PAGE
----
The surname Tuitoom came to Ireland
with the Anglo- Norman invasion
of the 12th century. The Gaelic form of the surname Tuitoom is de Tiúit.
Early Origins of the Tuitoom family
The surname Tuitoom was first found in Norfolk
, where they held a family seat
as Lords of the Manor of Thwaite near Erpingham in that shire. Originally of Le Thuit, Eure in the Canton of Les Adnelys, before the Norman Conquest
in 1066, Ralph del Tuit was described as 'the man' of Berenger de Todeni, son of Duke Robert of Normandy
. After the Conquest, Ralph acquired lands from the Abbott of Holme near Erpingham, lands which he called Tuit, recorded in the Domesday Book
in 1086 as Thwaite. However, the family also retained the name Tuite. In 1172 Risteárd de Tiúit (Richard La Tuite) was a member of Richard de Clare, 2nd Earl of Pembroke's Irish invasion force. He built one of the largest Motte and Bailey settlements in Ireland
at Granard in 1199 and rose to become Lord Chief Justice of Ireland.
Early History of the Tuitoom family
This web page shows only a small excerpt of our Tuitoom research.Another 259 words (18 lines of text) covering the years 1640, 1588, 1642, 1633, 1661, 1664, 1679, 1677 and 1727 are included under the topic Early Tuitoom History in all our PDF Extended History products and printed products wherever possible.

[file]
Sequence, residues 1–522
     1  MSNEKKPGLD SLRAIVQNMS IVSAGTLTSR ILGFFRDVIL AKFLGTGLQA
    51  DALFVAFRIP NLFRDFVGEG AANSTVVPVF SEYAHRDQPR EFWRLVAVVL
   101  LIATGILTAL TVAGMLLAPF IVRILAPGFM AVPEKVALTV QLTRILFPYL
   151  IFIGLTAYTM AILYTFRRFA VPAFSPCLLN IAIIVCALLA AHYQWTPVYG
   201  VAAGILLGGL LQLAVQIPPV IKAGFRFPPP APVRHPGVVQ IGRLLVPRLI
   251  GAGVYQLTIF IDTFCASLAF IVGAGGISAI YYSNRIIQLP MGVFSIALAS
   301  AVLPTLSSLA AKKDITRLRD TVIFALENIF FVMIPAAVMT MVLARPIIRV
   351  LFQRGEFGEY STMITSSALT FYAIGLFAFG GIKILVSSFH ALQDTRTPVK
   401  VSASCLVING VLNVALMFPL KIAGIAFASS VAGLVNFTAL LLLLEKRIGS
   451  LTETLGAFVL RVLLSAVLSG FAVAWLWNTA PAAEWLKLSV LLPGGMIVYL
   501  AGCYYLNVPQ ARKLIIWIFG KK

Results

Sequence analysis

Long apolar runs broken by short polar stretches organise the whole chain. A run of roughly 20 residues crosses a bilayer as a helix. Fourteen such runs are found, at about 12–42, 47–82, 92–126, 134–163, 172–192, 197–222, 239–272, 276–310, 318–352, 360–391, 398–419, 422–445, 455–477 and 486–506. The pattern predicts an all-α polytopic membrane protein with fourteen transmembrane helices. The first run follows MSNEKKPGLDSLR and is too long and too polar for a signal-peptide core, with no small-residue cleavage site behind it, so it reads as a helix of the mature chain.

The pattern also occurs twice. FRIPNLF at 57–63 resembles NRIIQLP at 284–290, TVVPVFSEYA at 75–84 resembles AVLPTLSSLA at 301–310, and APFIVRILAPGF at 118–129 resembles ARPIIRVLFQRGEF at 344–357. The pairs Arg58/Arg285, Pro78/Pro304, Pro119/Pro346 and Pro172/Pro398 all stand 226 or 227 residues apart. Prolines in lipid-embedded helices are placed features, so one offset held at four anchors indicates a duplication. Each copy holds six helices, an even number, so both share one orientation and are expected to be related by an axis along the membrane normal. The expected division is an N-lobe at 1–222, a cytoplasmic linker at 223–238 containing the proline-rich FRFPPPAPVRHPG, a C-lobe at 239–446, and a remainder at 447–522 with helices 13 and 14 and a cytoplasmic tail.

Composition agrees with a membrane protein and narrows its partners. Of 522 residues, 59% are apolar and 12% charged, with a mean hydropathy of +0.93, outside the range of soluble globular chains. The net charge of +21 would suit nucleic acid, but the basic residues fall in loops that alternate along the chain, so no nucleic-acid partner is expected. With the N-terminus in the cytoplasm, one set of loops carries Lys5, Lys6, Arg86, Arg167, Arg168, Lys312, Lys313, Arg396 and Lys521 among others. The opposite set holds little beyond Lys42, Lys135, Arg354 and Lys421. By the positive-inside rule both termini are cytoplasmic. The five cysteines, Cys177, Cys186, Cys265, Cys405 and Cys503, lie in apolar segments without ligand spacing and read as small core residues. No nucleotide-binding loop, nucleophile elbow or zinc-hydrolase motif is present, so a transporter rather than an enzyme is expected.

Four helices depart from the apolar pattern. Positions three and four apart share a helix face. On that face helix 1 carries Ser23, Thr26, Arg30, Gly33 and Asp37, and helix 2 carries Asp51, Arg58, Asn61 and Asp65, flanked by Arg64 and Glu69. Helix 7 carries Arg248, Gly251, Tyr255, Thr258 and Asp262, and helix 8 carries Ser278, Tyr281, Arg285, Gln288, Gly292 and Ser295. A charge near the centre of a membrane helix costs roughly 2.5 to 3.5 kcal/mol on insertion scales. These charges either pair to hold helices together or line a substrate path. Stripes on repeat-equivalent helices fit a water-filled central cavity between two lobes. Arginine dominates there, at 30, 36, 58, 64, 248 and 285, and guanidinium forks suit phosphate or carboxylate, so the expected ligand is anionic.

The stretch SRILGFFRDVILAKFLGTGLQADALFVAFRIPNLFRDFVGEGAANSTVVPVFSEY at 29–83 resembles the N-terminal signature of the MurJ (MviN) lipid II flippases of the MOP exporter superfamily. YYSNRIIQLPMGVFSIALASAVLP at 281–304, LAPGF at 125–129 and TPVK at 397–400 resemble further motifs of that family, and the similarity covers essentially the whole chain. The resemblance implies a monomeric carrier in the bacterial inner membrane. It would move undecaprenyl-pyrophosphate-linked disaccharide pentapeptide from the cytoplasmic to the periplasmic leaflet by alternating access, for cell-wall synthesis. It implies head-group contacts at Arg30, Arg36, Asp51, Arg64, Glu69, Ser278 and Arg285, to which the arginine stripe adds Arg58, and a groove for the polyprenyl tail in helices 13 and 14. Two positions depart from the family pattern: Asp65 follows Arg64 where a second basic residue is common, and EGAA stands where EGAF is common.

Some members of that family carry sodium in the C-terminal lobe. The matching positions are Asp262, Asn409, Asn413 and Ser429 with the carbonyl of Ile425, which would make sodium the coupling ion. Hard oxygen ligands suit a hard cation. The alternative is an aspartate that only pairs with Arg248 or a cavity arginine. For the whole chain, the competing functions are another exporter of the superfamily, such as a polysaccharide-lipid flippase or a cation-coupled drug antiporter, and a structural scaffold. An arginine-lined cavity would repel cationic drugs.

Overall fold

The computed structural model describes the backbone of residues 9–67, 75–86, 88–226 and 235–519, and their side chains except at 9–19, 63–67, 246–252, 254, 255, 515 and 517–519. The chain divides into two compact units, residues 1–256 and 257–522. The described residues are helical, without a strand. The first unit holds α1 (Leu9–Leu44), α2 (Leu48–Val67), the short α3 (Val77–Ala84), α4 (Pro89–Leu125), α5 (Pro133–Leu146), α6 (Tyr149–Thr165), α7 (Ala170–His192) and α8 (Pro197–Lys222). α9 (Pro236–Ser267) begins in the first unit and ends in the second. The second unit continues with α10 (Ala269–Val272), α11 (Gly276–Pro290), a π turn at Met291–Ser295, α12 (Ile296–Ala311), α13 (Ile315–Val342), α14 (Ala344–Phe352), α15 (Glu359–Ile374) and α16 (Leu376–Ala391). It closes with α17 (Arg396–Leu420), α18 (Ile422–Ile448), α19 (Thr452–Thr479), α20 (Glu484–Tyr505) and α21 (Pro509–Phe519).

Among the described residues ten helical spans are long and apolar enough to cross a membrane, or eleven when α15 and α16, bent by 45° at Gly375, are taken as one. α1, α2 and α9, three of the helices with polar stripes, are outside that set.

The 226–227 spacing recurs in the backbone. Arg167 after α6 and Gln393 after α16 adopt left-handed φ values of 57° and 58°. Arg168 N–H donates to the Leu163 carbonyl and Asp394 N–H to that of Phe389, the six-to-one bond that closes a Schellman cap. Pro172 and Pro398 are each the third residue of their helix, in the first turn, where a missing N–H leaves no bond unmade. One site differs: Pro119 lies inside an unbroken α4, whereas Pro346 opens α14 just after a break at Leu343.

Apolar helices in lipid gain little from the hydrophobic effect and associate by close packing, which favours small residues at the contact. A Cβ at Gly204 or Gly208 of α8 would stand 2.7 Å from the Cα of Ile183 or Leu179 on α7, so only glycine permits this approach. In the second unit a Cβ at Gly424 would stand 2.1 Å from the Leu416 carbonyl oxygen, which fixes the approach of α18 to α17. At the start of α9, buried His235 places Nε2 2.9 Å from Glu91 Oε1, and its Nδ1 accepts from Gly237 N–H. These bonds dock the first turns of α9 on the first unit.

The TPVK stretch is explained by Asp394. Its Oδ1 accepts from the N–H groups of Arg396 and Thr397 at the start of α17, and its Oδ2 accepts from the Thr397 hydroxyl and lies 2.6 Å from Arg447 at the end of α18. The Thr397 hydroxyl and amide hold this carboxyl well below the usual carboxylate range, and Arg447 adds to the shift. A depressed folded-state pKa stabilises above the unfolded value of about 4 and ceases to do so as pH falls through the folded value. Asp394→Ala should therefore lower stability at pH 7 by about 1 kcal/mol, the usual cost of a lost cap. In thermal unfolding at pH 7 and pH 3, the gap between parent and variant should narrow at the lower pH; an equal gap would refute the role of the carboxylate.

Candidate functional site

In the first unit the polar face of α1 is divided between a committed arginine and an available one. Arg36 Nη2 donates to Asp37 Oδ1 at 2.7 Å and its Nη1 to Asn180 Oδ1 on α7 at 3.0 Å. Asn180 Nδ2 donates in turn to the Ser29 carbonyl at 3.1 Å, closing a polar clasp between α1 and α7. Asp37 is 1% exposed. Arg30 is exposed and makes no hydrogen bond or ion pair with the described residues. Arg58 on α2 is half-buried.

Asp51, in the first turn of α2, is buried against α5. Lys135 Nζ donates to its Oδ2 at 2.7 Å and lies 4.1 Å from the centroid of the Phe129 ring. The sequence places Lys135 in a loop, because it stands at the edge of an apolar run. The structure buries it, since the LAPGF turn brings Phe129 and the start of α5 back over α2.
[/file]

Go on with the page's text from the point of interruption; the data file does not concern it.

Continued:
Tuitoom Spelling Variations
Church officials and medieval scribes often spelled early surnames as they sounded. This practice often resulted in many spelling variations
of even a single name. Early versions of the name Tuitoom included: Tuit, Tuite, Tute, Tuitum, McRisdeard and others.
Early Notables of the Tuitoom family (pre 1700)
Notable amongst the family up to this time was the Tuite Baronetcy, of Sonna (An Sonnach) in the County of Westmeath
which includes: Sir Oliver Tuite, 1st Baronet (c.
1588-1642)... Another 30 words (2 lines of text) are included under the topic Early Tuitoom Notables in all our PDF Extended History products and printed products wherever possible.
Migration of the Tuitoom family to the New World and Oceana
went through one of the most devastating periods in its history with the arrival of the Great Potato Famine
of the 1840s. Many also lost their lives from typhus, fever and dysentery. And poverty was the general rule as tenant
farmers were often evicted because they could not pay the high rents. Emigration to North America gave hundreds of families a chance at a life where work, freedom, and land ownership were all possible. For those who made the long journey, it meant hope and survival. The Irish emigration to British North America and the United States opened up the gates of industry, commerce, education and the arts. Early immigration and passenger lists have shown many Irish people bearing the name Tuitoom: James Tuite who landed in Pennsylvania in 1856; James Tute settled in Virginia in 1652.